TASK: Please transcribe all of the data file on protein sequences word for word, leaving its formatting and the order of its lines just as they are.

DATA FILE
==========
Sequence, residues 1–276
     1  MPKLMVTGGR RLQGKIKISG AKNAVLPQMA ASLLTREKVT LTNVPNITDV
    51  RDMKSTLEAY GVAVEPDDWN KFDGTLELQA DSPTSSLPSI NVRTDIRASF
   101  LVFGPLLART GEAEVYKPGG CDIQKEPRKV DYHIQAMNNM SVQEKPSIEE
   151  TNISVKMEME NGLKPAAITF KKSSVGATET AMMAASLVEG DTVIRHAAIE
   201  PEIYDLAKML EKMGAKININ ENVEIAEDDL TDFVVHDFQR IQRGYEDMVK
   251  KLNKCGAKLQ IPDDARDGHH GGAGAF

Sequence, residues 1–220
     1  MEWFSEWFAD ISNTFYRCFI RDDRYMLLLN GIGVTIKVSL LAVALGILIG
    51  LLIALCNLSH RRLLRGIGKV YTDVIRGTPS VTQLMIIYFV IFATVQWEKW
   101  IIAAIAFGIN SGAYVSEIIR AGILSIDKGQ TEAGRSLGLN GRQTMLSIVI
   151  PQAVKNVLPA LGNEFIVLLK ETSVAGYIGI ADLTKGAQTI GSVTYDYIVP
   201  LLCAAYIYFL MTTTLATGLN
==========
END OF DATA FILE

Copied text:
Sequence, residues 1–276
     1  MPKLMVTGGR RLQGKIKISG AKNAVLPQMA ASLLTREKVT LTNVPNITDV
    51  RDMKSTLEAY GVAVEPDDWN KFDGTLELQA DSPTSSLPSI NVRTDIRASF
   101  LVFGPLLART GEAEVYKPGG CDIQKEPRKV DYHIQAMNNM SVQEKPSIEE
   151  TNISVKMEME NGLKPAAITF KKSSVGATET AMMAASLVEG DTVIRHAAIE
   201  PEIYDLAKML EKMGAKININ ENVEIAEDDL TDFVVHDFQR IQRGYEDMVK
   251  KLNKCGAKLQ IPDDARDGHH GGAGAF

Sequence, residues 1–220
     1  MEWFSEWFAD ISNTFYRCFI RDDRYMLLLN GIGVTIKVSL LAVALGILIG
    51  LLIALCNLSH RRLLRGIGKV YTDVIRGTPS VTQLMIIYFV IFATVQWEKW
   101  IIAAIAFGIN SGAYVSEIIR AGILSIDKGQ TEAGRSLGLN GRQTMLSIVI
   151  PQAVKNVLPA LGNEFIVLLK ETSVAGYIGI ADLTKGAQTI GSVTYDYIVP
   201  LLCAAYIYFL MTTTLATGLN